All Quiet on the Western Front Chapter 4 Summary

Instructor: J.R. Hudspeth

Jackie has taught college English and Critical Thinking and has a Master's degree in English Rhetoric and Composition

In Chapter 4 of ''All Quiet on the Western Front,'' the men go to the front lines and attempt to survive a bloody attack on their position. Read on for a brief summary of the experiences of Paul and his fellow soldiers!

Previously in All Quiet on the Western Front

Paul and his fellow soldiers, after coming back from a battle that wiped out half their company, spend time talking about the war and how poorly they believe that it is being run. Paul thinks often about his life before the war and visits a fellow soldier who eventually passes away from his wounds.

To the Front Lines

Late one night, Paul and his friends go to the front lines of the war. They must put wire up around the trenches, which are long, narrow ditches the soldiers use for shelter during the fighting. The road is bumpy and dark, and the men would prefer falling from the truck and breaking a bone so they can go home rather than reach their destination. Any patriotism they may have had at the beginning of the war has been destroyed.

At the front lines, gun smoke and powder from bombs is heavy in the air. With his keen ear, Kat recognizes the sound of geese (potential food) and a coming bombardment (which brings with it injuries and even death). The men are restless, though the soldiers who have never been to the front show fear. Paul thinks that the front changes everything and makes them more tense; for example, Kat speaking the word 'bombardment' at the front line sounds more terrifying than it would if he were saying it back at camp.

Paul thinks about how much the earth itself means to soldiers because they use it to help build the trenches and because it can be the only thing between a soldier and a bullet. Paul's thoughts become more animalistic. He can think only of survival, and he relies on his instinct to throw himself to the ground and be protected by it in order to live.

Paul and his fellow soldiers at the front lines hide themselves in trenches like the one pictured above, which is an actual German trench from World War I.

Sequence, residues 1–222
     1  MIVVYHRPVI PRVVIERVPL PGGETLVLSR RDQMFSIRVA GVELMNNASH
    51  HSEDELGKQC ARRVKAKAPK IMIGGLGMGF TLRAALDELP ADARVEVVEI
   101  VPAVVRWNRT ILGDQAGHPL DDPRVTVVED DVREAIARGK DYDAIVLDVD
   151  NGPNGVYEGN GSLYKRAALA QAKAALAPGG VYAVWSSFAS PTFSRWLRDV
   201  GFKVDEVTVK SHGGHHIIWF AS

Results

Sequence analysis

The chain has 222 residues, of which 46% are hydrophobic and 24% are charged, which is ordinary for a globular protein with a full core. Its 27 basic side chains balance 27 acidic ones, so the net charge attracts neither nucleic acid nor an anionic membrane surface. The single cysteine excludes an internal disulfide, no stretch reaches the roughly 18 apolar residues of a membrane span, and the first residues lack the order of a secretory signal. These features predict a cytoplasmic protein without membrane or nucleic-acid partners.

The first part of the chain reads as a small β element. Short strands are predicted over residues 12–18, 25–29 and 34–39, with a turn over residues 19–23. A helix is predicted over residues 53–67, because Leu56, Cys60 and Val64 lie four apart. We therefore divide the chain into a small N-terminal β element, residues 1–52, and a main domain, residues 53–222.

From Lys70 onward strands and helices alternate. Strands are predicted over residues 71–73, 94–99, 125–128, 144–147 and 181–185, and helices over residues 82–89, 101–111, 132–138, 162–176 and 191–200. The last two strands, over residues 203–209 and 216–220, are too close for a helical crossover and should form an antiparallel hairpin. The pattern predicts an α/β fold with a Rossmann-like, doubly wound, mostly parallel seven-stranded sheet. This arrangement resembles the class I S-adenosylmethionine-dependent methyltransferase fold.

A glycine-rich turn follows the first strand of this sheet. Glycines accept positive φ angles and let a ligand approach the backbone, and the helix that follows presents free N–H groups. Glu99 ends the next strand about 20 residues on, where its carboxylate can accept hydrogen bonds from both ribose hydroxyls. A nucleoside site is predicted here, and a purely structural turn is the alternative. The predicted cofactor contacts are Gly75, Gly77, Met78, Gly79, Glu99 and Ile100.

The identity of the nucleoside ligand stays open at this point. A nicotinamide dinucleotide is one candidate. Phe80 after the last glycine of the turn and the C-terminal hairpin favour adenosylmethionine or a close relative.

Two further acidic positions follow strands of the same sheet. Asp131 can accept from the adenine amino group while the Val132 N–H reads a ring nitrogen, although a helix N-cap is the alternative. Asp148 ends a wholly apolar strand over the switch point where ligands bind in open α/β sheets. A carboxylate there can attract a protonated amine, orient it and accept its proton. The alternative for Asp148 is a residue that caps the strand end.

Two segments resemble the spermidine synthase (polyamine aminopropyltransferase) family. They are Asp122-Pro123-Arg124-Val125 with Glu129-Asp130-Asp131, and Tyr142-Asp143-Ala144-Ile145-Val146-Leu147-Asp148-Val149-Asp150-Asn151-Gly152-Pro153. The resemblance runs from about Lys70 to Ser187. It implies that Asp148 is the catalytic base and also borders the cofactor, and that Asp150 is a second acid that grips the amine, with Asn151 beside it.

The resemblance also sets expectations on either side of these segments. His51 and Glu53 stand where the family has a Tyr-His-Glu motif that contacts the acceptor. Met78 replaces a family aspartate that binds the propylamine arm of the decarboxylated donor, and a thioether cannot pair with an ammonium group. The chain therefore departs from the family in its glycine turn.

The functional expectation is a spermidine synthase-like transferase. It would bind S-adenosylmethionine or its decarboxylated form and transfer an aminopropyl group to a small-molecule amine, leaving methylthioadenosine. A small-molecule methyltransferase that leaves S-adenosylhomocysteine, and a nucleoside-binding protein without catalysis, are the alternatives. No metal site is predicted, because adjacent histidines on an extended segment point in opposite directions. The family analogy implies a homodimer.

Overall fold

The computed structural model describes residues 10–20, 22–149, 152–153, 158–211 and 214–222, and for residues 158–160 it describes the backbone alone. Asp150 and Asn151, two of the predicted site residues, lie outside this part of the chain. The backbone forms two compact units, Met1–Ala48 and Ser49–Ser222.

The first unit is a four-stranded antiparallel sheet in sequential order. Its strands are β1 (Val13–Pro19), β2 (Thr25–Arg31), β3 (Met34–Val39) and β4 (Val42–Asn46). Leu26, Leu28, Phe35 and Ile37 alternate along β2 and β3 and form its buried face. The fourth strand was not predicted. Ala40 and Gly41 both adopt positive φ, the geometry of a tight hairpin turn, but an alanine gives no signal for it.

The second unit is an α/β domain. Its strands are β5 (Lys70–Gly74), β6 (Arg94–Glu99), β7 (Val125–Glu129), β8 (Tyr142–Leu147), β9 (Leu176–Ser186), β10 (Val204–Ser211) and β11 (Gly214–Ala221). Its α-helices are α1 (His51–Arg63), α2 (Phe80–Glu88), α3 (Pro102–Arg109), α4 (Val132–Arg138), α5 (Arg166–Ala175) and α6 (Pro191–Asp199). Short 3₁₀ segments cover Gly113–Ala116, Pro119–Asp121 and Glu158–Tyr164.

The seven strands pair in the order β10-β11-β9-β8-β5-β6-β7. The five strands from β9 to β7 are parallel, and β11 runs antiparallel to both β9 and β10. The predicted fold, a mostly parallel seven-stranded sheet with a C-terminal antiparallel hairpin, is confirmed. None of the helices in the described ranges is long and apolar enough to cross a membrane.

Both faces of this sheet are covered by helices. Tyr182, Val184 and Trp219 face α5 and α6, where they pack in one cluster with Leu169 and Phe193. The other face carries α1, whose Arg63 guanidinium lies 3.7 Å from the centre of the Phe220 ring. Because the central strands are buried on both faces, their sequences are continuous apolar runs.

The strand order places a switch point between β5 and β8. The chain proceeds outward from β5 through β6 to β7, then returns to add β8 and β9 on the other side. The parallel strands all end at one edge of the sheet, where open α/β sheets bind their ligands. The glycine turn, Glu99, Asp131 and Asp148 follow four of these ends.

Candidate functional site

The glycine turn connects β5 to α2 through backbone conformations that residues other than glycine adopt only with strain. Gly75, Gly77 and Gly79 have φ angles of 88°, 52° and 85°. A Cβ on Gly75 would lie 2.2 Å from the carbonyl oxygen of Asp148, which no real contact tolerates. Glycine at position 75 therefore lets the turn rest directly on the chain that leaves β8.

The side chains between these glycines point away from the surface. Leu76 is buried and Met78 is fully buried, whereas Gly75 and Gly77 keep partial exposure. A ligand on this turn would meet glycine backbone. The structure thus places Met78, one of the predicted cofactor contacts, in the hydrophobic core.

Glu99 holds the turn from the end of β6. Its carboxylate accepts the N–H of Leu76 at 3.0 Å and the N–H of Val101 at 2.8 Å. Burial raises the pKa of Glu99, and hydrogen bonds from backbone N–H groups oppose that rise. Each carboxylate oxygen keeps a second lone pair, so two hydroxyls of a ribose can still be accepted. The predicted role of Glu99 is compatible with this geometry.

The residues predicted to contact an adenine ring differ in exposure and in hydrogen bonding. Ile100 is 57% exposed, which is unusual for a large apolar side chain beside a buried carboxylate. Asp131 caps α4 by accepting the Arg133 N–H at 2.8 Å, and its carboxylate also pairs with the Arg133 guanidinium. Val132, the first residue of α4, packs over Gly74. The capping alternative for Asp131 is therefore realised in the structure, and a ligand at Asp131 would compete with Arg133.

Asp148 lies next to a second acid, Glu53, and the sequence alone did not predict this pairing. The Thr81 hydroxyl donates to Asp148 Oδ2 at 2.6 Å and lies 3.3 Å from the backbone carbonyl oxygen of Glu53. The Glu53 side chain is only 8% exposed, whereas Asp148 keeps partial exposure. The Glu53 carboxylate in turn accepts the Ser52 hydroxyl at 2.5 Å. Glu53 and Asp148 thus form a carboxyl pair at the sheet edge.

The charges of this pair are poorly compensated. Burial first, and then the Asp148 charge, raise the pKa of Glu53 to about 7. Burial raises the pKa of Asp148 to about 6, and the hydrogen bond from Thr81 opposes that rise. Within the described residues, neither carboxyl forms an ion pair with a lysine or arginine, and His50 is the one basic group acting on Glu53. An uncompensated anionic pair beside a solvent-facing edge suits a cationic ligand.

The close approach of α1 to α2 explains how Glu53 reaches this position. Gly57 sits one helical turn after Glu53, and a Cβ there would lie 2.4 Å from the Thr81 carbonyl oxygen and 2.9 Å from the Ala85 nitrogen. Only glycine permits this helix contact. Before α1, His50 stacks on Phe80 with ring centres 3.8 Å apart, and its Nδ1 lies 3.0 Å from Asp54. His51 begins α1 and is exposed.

Eventually, the men reach the trenches at the very front of the war and settle in. Above them, planes fight and anti-aircraft guns shoot down enemies. The men begin to set up wiring to help support the trenches in the midst of the fighting. They eventually finish the work, but the trucks that will return them back to camp are not due for a few hours, so they attempt to settle in to the trenches and get some sleep.

Suddenly, a rocket lands behind the trench and scares the newer soldiers. Paul and the other soldiers try to crawl to safety in their trenches as the enemy shoots rockets at them. Paul hears two men cry out and sees one young new soldier who has broken down mentally. The soldier is on his knees, his head buried in his arms and his behind sticking up. Paul, who feels pity for this soldier -- who reminds him of his deceased friend Kemmerich -- takes the young man's helmet and puts it on his bottom in order to protect him from being shot there.

The enemy stops firing rockets momentarily, but Paul recognizes that the rockets were just the beginning of the bombardment. He helps the scared young soldier, who in his fear has made a mess in his pants, find a place to dump them. Then, he waits for the attack to begin again. Paul's actions toward the young soldier are an example of how the horror of the war at least bands together the soldiers in friendship.

Wounded Horses

While the attack is at a lull, the men can hear the cries of horses who have been hit by rockets. The cries of the horses are so loud and painful that Detering, a soldier who is a farmer in peace-time and who loves horses, begins to have an emotional breakdown. He cries out many times, asking someone to shoot the horses so that they will not be in pain anymore, and then he almost leaves the trench to do it himself before Kat stops him.

Eventually, medics come with a few men to shoot the horses, many of which stumble around in pain before dying. This scene is described in full by Paul to show how many innocent animals as well as humans are destroyed by warfare and to get across just how terrible and painful the violence of war actually is.

The terrible cries of wounded horses drive the soldiers to emotional crisis.

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